Amazon shores up Amazon Web Service security. The cloud giant is trying to make it easier for clients to avoid inadvertently exposing sensitive material by offering these enhancements to its service. The S3 service will henceforth warn users ("with a prominent indicator") if their storage buckets are publicly accessible. It will be easier to copy access control lists and tags when replicating data, and it will now be possible to choose a destination key when replicating encrypted objects. Customers may now specify that objects in S3 buckets be stored in encrypted form, and there are now three options for server-side encryption. Finally Amazon will also give users a detailed inventory that shows the encryption status of the objects in a data bucket. These options can all be enabled through the S3 management console (IT News).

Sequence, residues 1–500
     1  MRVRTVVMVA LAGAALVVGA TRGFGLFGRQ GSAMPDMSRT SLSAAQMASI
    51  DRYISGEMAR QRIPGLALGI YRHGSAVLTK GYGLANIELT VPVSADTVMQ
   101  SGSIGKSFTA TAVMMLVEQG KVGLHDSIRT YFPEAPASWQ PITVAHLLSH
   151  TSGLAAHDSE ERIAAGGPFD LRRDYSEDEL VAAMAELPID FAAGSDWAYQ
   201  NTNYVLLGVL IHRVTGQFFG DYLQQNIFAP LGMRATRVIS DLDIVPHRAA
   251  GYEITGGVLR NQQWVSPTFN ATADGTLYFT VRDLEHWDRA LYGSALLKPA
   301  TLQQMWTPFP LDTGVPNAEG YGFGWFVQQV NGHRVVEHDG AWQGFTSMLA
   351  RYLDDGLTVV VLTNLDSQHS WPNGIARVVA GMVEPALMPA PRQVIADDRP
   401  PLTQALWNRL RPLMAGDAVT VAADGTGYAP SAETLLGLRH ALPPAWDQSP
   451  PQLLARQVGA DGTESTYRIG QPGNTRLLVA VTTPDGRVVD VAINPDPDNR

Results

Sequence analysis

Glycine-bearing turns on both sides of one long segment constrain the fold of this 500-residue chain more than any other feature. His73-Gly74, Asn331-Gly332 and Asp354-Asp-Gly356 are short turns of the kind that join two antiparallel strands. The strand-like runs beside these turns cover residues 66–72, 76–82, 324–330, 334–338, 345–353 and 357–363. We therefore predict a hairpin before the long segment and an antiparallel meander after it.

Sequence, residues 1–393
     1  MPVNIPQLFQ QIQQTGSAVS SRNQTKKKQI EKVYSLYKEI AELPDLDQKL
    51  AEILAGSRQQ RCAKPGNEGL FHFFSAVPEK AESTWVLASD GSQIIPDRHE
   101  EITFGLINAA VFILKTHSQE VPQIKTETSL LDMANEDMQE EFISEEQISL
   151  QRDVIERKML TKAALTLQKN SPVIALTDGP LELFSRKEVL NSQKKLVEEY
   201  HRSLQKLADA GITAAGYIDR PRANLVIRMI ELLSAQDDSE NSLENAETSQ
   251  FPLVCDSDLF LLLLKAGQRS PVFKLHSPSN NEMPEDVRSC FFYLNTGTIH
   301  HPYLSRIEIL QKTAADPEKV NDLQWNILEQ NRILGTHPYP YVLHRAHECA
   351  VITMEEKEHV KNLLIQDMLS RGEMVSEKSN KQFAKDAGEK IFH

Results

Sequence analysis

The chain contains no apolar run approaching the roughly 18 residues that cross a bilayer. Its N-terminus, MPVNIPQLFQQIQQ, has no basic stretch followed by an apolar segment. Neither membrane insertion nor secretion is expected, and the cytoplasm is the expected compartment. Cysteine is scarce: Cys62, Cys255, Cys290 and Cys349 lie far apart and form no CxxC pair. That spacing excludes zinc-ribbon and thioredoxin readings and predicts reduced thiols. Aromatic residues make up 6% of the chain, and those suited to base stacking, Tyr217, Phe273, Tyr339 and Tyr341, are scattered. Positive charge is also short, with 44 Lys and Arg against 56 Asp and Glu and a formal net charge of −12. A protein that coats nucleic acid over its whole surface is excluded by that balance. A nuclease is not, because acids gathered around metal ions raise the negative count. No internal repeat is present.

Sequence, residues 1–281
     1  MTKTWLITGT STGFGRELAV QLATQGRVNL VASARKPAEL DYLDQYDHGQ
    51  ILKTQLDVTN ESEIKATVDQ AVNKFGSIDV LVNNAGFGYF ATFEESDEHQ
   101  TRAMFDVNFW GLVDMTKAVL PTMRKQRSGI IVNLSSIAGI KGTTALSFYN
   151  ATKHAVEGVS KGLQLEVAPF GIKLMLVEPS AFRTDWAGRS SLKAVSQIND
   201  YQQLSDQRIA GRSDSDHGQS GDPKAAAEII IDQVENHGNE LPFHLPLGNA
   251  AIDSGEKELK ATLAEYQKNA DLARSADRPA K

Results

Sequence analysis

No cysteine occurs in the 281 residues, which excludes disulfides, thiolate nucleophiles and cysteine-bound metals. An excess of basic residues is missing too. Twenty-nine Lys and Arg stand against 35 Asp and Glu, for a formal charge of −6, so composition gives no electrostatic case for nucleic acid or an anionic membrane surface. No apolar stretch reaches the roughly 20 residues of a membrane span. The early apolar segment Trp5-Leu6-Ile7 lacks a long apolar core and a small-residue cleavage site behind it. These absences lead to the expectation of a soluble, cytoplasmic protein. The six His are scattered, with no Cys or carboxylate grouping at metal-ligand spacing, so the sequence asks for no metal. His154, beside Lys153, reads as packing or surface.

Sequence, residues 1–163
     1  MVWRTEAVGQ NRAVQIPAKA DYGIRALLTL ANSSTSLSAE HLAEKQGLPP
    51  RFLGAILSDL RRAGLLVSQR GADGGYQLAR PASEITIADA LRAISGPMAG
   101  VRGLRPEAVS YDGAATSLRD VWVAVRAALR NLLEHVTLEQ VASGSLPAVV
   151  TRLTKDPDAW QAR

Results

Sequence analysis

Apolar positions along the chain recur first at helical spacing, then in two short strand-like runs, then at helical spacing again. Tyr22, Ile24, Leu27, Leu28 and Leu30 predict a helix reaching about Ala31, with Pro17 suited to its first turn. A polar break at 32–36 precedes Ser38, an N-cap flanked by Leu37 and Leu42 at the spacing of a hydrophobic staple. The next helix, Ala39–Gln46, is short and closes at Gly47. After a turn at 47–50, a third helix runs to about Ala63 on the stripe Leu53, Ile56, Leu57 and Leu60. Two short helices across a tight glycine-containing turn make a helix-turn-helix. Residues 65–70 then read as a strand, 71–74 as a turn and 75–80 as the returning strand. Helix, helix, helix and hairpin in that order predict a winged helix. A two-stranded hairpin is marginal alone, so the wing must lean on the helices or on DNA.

Accenture dodged a bullet from its own AWS cloud. UpGuard found sensitive information exposed to public access and informed Accenture. The firm quickly remediated the problem, and upon investigation said that it detected no unauthorized access to the material (TEISS).

There's another problem with exposed S3 buckets: they can be used to execute man-in-the-middle attacks. This issue arises when the bucket owner not only leaves the data exposed, but also inadvertently forgets to restrict write-access. The technique, which researchers at SkyHigh Security and elsewhere are calling "GhostWriter" involves quietly overwriting code stored in the buckets with malicious script that can execute various other attacks from within the AWS account. Too many admins, apparently, regard cloud services as secure by default (Bleeping Computer).

What do AI and machine learning mean for cybersecurity?

We hear about them everywhere in cybersecurity. They sound cutting-edge, but what do they mean? And what value do they add? Find out exactly how significant AI and machine learning are, and how small nuances in their use can make a big difference.

Cryptocurrency freeze attributed to library bug.